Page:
Alabama resists racism

On-the-ground Alabama organizers are continuing the fierce, fighting spirit of the Selma-to-Montgomery march. The 51st anniversary of that historic journey, made by thousands in the teeth of Klan violence and racist state terror, fell on March 6.

#VetsVsHate outside Alabama Trump rally after being ejected, Feb. 28.

#VetsVsHate outside Alabama Trump rally after being ejected, Feb. 28.

On Feb. 28, about 40 members of Shut Down Etowah carried an empty coffin and sang outside the Etowah County Detention Center in Gadsden. They were protesting the death of Ethiopian national Teka Gulema, who was paralyzed from a bacterial infection while detained. A case of “fatal neglect,” he was released by authorities only to die two weeks later in a local hospital. As supporters marched, detainees inside could be heard banging on the prison walls. The Etowah Immigration and Customs Enforcement facility has been condemned by Detention Watch Network as one of the worst facilities in the U.S. (, March 1)

Also on Feb. 28, at a rally of 30,000 near Huntsville, several groups disrupted racist, anti-immigrant presidential candidate Donald Trump. Protesters with fists up chanting “Black Lives Matter!” heroically marched past Trump on the podium and also interrupted his speech later. These were students from Alabama A&M University and Oakwood University, two local historically Black colleges. Veterans Challenge Islamophobia held up signs: “We stand with our Muslim brothers and sisters” and “Veterans say end hate speech.” The vets were roughly ejected as Trump exclaimed, “Isn’t this fun?”

To get to the stadium, thousands of Trump followers had to walk by about 50 sign-holding and chanting protesters from women’s groups, peace groups and the Alabama Coalition For Immigrant Justice. (,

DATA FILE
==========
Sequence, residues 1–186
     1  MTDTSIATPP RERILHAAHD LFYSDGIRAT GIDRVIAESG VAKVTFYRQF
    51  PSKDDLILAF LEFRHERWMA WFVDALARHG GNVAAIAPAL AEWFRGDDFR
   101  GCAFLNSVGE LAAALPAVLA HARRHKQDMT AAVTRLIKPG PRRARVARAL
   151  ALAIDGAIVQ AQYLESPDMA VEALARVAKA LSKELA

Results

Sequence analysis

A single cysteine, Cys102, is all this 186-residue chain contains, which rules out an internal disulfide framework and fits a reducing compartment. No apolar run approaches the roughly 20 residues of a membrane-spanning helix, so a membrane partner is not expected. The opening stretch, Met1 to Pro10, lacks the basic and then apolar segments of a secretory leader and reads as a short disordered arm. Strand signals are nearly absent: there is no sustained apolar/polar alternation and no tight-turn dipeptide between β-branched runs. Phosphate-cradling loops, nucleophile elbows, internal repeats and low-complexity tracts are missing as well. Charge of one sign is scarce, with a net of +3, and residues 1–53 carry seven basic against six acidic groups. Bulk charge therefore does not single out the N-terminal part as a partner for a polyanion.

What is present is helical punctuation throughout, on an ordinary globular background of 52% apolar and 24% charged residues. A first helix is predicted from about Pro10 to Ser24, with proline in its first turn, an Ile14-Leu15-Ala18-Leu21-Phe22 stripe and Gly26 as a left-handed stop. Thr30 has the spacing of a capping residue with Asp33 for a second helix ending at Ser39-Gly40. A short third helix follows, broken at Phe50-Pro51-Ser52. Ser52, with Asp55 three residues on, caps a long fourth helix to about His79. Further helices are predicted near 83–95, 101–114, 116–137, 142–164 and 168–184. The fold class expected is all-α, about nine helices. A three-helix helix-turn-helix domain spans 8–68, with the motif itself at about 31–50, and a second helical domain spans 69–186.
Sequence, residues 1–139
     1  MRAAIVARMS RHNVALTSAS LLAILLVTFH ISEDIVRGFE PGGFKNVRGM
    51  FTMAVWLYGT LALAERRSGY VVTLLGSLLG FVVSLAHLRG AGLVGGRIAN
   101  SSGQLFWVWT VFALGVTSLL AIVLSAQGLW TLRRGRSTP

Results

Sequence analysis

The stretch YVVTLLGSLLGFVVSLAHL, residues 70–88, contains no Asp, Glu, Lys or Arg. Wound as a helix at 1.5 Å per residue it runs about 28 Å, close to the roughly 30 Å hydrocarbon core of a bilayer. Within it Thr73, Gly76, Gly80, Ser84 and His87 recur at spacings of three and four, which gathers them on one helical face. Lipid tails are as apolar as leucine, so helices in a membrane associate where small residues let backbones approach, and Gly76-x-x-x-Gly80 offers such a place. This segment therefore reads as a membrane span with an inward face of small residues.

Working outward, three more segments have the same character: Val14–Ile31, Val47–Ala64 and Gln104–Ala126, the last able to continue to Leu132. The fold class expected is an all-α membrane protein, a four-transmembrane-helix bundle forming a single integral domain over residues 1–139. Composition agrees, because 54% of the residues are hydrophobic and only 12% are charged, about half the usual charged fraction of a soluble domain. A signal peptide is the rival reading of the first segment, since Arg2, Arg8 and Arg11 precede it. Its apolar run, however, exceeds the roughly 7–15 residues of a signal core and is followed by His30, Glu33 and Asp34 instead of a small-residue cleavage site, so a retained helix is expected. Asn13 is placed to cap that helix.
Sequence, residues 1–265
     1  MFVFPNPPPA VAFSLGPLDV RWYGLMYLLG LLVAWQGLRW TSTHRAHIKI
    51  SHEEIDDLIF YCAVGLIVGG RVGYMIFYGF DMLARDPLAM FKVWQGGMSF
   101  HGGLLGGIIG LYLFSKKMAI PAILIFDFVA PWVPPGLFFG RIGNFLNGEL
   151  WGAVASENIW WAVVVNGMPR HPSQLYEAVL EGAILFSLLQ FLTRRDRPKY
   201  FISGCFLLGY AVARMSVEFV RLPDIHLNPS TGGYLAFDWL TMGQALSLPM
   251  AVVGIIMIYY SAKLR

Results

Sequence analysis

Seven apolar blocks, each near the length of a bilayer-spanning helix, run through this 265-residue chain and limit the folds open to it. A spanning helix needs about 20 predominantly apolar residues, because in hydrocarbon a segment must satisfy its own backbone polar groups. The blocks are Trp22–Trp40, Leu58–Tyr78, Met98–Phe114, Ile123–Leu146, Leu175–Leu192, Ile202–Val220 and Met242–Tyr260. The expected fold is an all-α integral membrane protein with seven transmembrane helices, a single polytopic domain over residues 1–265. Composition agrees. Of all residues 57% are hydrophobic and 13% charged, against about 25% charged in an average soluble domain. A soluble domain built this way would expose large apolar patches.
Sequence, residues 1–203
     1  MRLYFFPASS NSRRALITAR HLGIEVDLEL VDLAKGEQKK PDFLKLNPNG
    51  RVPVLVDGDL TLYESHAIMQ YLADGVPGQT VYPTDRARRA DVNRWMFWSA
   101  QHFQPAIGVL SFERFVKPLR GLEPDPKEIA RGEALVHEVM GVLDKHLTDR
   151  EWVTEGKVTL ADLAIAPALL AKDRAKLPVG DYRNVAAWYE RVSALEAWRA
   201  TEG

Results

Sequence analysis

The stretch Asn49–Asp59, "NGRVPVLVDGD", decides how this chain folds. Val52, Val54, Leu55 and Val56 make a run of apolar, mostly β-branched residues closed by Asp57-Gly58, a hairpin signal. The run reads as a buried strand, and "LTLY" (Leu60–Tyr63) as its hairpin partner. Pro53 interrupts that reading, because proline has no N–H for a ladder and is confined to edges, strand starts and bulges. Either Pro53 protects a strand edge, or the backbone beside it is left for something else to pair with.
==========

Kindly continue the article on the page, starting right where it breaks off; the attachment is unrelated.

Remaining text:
On March 1, more than a dozen Black Lives Matter protesters repeatedly interrupted a session of the Montgomery City Council. The multinational group, composed mainly of Black women, were outraged by the death of Greg Gunn, an unarmed Black man shot by a white cop while Gunn was walking home in his own neighborhood.

Karen Jones stood directly in front of Mayor Todd Strange and said, “It is a travesty that this council can go on as if nothing happened, without even acknowledging (Gunn’s) death, his murder.” Jones is a local activist who led the group of protesters. The Council abruptly adjourned its meeting.

By the next day, the Montgomery County district attorney had charged the white cop, Aaron Smith, with murder, an action so unusual that it brought national headlines. In the last decade, Montgomery police officers were dismissed for planting evidence, jailing people on false charges and beating suspects. All those targeted were African-American. (Montgomery,